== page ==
Seemingly in violation of federal law, the Trump administration claims that giving confidential information from the Census to U.S. Immigration and Customs Enforcement (ICE) is open to debate.
The law requires that "personally identifiable information about an individual" gathered by the U.S. Census cannot be given to any other agency or individual for 72 years after it was collected.
The Department of Justice (DOJ) under Jeff Sessions disagreed with this law.
In an email included in a court filing in one of the current lawsuits against the inclusion of citizenship questions in the census, with J. Benjamin Aguiñaga, Chief of Staff and Counsel in the DOJ's Civil Rights Division saying, "I don't think we want to say too much... in case the issues addressed... come up later for renewed debate."
Aguiñaga was responding to a question from Rep. Jimmy Gomez's (D-CA) on if federal law would be followed with regard to census confidentiality. Concerns were raised that the administration could use the census question to allow ICE agents to locate undocumented immigrants for deportation.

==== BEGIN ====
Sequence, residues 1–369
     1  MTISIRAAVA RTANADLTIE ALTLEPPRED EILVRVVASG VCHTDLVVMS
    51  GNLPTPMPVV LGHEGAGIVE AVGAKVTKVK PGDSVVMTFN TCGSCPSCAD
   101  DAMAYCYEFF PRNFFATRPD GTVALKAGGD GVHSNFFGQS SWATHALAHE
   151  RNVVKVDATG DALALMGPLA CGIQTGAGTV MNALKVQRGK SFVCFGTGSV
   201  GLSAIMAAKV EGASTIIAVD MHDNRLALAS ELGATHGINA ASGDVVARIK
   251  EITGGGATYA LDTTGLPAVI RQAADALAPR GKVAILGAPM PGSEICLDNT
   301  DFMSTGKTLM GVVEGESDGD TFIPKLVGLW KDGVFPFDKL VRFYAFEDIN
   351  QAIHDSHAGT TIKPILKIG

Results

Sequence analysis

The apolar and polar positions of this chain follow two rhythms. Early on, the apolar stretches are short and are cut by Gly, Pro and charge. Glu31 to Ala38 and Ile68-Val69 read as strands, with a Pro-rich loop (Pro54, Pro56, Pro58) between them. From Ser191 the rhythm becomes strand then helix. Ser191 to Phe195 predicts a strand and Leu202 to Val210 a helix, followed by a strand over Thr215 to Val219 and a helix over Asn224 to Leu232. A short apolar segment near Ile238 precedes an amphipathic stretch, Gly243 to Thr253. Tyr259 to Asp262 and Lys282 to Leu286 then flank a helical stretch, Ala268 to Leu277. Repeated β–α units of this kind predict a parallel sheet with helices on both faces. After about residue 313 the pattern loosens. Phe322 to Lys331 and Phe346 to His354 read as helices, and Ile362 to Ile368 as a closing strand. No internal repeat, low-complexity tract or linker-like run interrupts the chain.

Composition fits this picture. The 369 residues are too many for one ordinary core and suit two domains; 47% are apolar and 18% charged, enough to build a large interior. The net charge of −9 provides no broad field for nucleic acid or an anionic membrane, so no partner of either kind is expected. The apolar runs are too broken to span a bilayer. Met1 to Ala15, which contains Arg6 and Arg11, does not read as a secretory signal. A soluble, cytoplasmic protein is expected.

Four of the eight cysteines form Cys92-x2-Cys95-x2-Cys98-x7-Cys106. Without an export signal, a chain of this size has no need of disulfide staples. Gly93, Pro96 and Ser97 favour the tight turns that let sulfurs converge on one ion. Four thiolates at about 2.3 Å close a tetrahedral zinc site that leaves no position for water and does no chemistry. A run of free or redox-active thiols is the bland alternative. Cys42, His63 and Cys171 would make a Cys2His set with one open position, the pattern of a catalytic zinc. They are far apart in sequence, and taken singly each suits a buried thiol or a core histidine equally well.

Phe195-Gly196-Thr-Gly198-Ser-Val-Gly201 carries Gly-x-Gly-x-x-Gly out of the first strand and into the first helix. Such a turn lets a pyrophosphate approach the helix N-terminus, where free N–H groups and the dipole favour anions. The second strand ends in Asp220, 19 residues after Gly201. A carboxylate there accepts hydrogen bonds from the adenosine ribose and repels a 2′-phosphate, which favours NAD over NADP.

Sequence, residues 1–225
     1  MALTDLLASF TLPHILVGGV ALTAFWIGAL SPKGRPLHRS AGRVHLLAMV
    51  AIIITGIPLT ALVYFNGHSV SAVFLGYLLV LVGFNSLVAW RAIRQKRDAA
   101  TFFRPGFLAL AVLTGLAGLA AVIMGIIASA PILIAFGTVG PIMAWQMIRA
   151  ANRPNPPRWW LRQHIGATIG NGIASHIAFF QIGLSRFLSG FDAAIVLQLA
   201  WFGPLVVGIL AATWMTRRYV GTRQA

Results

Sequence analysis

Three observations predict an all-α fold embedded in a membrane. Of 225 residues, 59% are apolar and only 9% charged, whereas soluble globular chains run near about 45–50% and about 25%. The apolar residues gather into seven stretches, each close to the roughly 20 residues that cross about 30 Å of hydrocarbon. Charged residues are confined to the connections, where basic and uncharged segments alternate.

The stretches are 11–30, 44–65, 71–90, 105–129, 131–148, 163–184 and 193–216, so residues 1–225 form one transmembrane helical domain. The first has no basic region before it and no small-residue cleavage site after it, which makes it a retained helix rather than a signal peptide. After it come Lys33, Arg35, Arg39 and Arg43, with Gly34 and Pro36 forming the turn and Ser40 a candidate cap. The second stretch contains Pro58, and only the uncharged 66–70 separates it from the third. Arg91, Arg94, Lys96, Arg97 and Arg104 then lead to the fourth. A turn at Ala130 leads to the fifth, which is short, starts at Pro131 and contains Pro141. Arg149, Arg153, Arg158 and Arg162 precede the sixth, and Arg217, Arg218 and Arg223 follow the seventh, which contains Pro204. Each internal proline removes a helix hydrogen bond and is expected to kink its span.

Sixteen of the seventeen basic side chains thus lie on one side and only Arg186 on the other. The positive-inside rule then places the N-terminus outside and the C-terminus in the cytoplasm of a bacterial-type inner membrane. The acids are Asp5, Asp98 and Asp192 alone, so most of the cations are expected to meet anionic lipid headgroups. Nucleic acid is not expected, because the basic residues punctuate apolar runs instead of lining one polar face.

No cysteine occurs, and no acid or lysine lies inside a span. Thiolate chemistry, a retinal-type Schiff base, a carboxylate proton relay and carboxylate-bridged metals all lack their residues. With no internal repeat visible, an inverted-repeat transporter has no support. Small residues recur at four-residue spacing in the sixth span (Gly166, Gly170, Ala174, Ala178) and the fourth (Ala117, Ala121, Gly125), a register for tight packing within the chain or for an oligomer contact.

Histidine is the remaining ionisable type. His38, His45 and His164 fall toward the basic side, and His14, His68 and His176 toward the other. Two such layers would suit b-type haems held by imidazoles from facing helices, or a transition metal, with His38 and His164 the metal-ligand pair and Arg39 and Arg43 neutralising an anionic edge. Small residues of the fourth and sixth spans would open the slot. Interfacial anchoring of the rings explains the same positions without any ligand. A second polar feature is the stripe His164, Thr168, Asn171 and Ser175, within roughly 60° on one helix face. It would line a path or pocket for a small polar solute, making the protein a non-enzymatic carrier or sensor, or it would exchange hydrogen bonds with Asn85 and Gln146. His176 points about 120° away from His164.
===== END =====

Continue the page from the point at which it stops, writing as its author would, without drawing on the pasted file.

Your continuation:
President Donald Trump wanted a citizenship question added to the 2020 census. Given the current administrations push against immigrants and others, many would likely avoid being counted by the 2020 census.
A study by the Census Bureau itself found that a question on citizenship would act as a "major barrier" for the accuracy of the 2020 census. An inaccurate census that undercounted the Latin population of the United States would hurt places where Latin people are most likely to live.
Image via Wikimedia Commons.
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